Managing investor expectations after the investment

I recently had the Series A closing dinner for Judy's Book at Wild Ginger. The partners from Ignition Partners and from Ackerley Partners were both there. This was their first meeting. Overall, I think the dinner went well. People had food and drinks and conversation. A standard introductory business dinner.

As the dinner went on I realized that the Ignition folks may be more comfortable with the investment than the Ackerleys. This would make total sense -- Ignition invests in early stage technology companies and Ackerleys typically invest in later stage media companies. I may be wrong -- nobody said anything explicity. And that's what is prompting this blog.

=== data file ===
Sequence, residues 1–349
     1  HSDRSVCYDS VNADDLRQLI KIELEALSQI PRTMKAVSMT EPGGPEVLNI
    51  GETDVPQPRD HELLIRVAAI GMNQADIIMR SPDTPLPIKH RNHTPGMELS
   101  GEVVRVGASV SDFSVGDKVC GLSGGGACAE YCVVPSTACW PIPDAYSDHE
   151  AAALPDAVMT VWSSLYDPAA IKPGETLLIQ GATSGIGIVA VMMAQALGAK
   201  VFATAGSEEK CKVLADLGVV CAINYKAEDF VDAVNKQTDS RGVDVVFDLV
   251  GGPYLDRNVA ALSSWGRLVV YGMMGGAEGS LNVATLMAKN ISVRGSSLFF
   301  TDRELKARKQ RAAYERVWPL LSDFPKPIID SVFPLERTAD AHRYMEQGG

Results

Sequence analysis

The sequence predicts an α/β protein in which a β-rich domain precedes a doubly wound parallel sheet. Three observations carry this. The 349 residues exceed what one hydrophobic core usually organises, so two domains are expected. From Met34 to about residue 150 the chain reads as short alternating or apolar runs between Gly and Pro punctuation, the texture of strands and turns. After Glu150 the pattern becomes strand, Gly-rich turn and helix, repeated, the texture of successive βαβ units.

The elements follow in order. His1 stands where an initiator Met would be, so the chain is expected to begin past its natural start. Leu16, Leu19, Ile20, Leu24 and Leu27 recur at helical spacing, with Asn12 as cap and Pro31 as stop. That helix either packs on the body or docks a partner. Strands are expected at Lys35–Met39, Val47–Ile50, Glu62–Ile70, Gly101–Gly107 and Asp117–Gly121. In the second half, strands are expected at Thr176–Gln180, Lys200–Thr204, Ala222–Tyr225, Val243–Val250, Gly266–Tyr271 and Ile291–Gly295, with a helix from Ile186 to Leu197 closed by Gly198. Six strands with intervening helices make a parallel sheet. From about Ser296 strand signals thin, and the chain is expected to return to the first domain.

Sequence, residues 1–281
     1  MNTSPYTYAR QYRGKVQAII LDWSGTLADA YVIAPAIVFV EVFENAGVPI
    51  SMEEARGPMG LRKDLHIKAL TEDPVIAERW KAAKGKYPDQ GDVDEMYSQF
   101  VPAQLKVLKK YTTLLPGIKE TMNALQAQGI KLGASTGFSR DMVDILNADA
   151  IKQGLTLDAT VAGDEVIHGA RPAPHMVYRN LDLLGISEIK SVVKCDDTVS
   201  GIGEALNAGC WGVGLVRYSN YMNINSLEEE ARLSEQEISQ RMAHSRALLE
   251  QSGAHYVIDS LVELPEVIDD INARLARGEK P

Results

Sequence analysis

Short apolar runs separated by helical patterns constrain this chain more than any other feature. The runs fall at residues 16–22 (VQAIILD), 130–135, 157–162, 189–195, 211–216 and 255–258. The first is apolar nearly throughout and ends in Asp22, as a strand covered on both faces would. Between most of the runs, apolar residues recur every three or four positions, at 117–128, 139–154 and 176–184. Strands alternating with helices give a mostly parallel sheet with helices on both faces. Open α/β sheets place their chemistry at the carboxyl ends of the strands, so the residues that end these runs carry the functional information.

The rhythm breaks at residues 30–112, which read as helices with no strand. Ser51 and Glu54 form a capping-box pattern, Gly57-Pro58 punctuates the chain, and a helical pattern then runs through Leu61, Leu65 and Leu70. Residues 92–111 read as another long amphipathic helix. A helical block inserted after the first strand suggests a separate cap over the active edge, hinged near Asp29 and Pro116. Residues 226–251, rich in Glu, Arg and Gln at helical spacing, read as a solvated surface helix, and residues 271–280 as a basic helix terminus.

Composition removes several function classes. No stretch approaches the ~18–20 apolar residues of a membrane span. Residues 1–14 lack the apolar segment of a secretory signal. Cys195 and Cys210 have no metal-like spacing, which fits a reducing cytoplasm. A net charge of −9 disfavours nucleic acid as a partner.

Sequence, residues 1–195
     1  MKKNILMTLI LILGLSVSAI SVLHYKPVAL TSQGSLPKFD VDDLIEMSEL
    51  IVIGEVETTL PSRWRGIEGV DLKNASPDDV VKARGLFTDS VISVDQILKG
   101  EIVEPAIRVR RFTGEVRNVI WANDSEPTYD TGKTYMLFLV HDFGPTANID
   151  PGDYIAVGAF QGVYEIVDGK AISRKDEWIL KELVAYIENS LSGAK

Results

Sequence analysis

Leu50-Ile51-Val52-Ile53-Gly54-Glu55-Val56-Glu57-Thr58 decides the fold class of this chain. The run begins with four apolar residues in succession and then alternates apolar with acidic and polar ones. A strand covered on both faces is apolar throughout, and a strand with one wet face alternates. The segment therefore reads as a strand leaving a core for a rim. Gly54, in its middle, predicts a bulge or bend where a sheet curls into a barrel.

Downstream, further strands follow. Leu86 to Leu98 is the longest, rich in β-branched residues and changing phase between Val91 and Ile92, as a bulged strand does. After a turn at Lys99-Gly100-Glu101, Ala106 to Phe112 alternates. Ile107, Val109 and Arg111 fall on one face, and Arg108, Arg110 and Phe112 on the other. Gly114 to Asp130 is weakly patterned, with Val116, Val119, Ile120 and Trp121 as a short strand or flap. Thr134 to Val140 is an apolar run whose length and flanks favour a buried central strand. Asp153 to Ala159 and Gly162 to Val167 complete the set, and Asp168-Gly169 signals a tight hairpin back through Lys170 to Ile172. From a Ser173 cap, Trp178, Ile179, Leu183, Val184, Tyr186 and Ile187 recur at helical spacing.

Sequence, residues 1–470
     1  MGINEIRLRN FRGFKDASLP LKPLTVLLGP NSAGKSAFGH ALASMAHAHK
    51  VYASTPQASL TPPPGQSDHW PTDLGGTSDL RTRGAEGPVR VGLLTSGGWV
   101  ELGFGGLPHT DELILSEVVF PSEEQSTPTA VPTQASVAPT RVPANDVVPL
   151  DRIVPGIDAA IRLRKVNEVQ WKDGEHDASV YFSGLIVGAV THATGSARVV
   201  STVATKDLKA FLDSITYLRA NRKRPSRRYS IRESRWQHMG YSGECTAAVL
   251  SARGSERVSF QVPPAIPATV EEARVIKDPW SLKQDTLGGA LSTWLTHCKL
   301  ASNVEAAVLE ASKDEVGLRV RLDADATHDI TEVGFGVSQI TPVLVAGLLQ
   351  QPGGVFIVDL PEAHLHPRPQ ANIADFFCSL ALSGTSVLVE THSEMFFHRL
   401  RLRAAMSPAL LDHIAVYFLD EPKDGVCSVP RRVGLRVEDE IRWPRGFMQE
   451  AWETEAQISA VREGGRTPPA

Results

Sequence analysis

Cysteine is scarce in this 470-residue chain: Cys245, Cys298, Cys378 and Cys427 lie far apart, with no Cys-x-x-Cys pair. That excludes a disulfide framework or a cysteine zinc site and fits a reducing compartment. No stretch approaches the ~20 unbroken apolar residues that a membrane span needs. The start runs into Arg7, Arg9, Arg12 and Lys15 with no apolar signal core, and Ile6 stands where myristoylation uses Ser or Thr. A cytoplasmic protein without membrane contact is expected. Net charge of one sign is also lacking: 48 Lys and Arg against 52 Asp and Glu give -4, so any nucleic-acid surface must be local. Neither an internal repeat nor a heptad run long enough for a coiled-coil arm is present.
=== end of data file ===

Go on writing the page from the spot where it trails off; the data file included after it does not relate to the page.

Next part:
Investors rarely tell you explicity exactly their expectations. As a CEO it's our job to elicit these expectations, or better yet, to set these expectations and manage to them. In an early stage technology company, that's often very difficult to do -- especially during the period of time when you are trying to get a product to market, figure out user behaviour, and try to find a levearage point from which to grow an enterprise. Getting back to the Ackerley's, I think I'm going to need to spend some more time making sure their expactations become explicit and that they're reasonable. I'll do this with a series of email and coffees....and getting to revenue as fast as I can. I've found that the faster one gets to revenue the less one needs to manage investor expectations -- explicit or not.